The largest federal contractor is struggling to prepare for about $1 trillion in cuts that are due to take effect in January. Retiring-CEO Robert Stevens said agencies will ask vendors to modify contracts and that in turn will drive up the costs of those programs. Lockheed Martin already is taking steps to reduce its spending by consolidating facilities and reducing staff.
Host Roger Waldron talks about the upcoming fall elections with former Virginia congressman, and Deloitte Federal Government Affairs Director Tom Davis.
June 19, 2012
For decades, the General Services Administration has contracted with the company Dun & Bradstreet to provide unique identifying numbers for businesses. These numbers — called Data Universal Numbering System or DUNS numbers — allow GSA to track contractors and other recipients of federal funds. But the cost of using this service has grown from $1 million in 2002 to about $19 million per year under the current contract.
Joseph Petrillo, a federal contract attorney with Petrillo and Powell, agreed with a recent report that bid protests help to keep the federal government honest. Unfortunately, the 2,000 or so annual bid protests are just a drop in the bucket of the millions of possible protestable contract actions out there.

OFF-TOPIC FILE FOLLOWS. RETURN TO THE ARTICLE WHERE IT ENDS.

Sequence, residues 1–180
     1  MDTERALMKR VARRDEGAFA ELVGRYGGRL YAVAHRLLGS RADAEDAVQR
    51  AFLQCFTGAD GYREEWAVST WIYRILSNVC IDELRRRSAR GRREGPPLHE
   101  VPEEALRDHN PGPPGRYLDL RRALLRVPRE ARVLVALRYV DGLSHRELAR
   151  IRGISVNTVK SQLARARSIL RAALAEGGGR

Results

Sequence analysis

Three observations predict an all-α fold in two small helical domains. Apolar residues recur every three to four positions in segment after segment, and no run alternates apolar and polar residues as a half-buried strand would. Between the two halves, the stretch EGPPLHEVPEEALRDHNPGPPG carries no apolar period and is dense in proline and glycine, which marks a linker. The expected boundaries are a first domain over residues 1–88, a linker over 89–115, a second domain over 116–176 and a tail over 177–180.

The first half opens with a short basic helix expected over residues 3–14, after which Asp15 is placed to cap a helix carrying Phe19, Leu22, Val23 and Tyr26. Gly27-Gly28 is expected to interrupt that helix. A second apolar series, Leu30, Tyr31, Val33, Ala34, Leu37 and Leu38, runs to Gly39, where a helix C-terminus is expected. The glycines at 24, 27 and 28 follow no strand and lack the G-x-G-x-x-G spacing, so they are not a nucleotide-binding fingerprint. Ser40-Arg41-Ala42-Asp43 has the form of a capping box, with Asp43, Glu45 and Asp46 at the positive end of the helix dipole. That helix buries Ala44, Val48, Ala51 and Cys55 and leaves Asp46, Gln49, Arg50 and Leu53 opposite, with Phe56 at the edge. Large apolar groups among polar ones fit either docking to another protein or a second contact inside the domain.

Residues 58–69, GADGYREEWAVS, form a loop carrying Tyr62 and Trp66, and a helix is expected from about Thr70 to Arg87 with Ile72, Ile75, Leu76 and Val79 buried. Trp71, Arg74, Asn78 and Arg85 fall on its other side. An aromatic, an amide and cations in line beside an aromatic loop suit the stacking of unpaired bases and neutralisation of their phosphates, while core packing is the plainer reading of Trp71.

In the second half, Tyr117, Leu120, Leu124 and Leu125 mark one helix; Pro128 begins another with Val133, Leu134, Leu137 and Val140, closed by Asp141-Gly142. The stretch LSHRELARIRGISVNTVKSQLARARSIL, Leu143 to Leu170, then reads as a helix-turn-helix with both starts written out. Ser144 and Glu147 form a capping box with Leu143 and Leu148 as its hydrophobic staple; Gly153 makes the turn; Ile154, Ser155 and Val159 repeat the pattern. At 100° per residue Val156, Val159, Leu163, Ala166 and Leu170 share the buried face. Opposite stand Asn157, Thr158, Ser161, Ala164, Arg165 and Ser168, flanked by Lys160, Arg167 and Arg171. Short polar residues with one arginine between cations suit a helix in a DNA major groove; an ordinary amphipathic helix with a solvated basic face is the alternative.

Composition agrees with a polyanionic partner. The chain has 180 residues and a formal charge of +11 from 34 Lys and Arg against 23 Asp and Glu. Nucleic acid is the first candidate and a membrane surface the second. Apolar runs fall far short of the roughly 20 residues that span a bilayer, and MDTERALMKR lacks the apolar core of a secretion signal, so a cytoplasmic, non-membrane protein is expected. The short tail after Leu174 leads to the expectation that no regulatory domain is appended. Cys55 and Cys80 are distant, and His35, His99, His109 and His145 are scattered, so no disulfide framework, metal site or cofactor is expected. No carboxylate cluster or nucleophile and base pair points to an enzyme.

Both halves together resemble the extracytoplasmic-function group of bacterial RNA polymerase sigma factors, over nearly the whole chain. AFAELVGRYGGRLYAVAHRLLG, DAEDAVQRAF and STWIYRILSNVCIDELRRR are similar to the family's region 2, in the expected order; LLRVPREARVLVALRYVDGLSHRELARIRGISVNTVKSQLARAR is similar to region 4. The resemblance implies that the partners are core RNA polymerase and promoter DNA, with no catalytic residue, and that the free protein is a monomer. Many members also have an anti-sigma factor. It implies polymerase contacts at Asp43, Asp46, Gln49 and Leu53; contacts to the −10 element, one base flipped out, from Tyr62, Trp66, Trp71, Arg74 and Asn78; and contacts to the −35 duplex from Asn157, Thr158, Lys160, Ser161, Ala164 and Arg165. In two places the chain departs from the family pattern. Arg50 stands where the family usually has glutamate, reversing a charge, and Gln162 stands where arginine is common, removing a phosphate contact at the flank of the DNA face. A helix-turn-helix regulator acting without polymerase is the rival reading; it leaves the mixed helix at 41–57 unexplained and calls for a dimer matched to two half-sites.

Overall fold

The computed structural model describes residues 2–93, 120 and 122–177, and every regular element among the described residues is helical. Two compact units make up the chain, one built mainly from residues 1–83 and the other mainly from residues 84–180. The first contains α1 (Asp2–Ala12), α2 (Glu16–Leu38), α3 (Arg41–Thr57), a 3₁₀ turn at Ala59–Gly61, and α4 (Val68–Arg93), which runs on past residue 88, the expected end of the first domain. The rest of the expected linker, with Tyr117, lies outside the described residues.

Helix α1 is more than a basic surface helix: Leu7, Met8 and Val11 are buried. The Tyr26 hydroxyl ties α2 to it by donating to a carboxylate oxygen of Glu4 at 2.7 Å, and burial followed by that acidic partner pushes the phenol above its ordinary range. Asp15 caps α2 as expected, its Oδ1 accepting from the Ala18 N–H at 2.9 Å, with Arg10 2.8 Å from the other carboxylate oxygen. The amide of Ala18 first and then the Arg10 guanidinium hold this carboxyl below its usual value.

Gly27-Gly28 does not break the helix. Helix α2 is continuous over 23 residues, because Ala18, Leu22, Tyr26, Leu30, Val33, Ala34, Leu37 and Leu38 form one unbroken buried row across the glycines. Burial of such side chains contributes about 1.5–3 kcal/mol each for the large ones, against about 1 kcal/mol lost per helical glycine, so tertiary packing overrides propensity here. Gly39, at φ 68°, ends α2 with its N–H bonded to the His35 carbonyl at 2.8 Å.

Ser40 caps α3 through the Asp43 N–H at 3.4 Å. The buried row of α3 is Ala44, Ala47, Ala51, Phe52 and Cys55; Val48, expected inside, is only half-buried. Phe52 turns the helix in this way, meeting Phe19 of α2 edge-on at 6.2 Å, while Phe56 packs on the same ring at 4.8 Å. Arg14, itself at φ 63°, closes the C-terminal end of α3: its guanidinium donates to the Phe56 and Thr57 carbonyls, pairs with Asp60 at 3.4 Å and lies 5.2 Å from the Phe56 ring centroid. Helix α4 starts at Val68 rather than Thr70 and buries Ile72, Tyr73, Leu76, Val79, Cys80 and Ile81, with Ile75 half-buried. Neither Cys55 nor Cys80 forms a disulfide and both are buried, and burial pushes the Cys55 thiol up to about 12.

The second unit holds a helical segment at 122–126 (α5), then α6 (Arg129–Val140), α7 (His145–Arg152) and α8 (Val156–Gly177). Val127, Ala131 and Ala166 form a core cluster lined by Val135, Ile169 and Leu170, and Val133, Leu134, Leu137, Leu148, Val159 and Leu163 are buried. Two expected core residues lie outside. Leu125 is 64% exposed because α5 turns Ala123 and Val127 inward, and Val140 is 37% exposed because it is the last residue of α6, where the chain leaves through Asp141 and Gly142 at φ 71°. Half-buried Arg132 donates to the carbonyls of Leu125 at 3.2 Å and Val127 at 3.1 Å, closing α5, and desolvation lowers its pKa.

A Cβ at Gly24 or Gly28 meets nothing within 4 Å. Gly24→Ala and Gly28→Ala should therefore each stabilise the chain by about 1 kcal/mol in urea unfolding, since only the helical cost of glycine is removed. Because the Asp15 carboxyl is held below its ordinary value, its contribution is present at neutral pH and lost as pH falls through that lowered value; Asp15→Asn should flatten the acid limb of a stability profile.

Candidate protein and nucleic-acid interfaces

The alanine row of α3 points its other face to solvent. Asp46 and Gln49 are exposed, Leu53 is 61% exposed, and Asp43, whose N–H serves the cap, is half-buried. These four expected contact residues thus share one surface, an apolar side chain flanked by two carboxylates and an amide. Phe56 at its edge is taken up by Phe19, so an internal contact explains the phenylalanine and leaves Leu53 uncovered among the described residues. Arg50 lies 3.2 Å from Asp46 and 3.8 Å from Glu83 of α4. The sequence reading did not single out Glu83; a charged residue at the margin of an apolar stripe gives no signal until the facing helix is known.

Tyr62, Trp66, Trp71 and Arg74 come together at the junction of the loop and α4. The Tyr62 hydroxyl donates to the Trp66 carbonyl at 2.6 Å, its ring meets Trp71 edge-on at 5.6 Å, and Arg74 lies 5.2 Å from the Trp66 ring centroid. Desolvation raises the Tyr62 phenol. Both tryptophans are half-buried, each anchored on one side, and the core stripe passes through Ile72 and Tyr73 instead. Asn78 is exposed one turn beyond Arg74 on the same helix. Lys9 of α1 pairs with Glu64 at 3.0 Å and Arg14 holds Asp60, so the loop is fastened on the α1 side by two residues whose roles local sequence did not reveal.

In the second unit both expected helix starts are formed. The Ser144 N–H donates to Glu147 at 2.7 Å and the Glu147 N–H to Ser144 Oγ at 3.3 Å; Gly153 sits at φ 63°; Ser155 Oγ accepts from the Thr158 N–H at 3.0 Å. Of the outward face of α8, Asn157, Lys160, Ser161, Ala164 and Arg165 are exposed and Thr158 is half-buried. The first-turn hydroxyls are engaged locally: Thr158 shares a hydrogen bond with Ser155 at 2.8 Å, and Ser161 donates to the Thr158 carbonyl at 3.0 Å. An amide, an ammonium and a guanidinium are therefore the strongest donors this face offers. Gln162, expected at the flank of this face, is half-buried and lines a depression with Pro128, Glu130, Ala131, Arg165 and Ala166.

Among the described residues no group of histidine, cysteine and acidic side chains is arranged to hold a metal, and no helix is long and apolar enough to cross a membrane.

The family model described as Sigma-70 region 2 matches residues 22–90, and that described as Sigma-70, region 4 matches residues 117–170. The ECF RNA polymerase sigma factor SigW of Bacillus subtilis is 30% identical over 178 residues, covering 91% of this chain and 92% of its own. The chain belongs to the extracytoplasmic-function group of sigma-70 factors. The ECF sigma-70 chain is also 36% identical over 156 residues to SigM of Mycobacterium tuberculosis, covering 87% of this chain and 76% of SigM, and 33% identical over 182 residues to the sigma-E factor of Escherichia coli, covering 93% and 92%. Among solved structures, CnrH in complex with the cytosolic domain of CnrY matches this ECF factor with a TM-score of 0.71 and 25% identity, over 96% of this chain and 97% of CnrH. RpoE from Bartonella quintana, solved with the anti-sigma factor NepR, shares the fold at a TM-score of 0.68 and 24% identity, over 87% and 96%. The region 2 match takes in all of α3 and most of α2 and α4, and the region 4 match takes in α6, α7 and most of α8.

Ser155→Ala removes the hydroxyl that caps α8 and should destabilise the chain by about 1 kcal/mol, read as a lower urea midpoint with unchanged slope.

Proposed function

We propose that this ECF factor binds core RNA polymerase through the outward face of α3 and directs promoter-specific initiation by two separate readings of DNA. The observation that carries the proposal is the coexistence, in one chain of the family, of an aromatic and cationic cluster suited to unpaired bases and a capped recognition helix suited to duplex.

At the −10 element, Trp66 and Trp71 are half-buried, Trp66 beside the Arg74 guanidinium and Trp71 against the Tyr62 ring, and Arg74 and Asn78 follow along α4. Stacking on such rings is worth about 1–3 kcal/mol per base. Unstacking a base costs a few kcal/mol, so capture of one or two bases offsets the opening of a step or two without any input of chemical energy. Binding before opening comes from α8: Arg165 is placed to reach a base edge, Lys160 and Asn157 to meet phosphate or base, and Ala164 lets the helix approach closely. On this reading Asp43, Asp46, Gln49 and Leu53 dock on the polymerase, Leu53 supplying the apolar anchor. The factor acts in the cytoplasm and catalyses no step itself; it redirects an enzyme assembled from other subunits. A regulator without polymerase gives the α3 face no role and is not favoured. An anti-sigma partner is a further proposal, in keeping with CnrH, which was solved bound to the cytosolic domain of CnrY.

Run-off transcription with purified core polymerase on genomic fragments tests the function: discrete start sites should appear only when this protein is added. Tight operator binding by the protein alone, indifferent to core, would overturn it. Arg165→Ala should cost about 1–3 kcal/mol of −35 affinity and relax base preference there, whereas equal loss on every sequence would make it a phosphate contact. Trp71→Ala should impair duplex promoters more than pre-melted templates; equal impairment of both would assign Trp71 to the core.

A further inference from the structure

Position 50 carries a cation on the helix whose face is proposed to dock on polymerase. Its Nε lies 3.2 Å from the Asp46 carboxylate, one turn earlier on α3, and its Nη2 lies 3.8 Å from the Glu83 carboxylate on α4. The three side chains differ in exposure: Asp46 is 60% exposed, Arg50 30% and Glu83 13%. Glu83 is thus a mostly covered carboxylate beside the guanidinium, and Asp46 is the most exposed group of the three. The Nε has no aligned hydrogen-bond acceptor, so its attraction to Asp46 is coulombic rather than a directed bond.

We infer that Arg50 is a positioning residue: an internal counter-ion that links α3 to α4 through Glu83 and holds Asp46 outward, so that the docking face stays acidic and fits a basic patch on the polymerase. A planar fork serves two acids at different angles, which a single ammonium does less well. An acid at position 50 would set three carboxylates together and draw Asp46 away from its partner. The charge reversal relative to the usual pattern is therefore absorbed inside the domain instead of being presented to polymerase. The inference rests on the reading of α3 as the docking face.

Joanne Woytek, program manager of NASA SEWP talks about the government wide contract vehicle and its goals and missions for the future.
June 18, 2012(Encore presentation July 16, 2012)
Senators Claire McCaskill and Jim Webb gain bipartisan support on legislation designed to decrease wasteful spending. Some provisions in the bill regarding accountability have been strengthened.
Lockheed Martin, the federal government's largest contractor landed up to $1.9 billion worth of work Friday in a deal to operate Defense Department networks across the globe.
The Homeland Security Department is taking a two-pronged approach to protecting the federal supply chain. The first addresses the DHS mission cargo crossing into the U.S. The second is an interagency effort to ensure the government is working together on investigations. DHS said seizures of counterfeit goods at the border increased by 20 percent in 2011.
The Social Security Administration awarded CenturyLink a follow-on deal under the Networx telecommunications contract.
Federal Chief Information Officer Steve VanRoekel and Office of Federal Procurement Policy Administrator Joe Jordan released the guidance that highlights possible risks or challenges, and offers checklists, templates and other tools to make the move to this smaller, more outcome based approach easier for agencies.
With a $500 billion budget, the United States is the world's biggest buyer, and Defense is the biggest piece of that pie. The Rapid Acquisition Program has kicked into overdrive to help warfighters in Iraq and Afghanistan. Roy Smith, an executive vice president at ITG and a member of the executive advisory council of the National Contract Management Association, discusses how the program works and how industry views its achievements.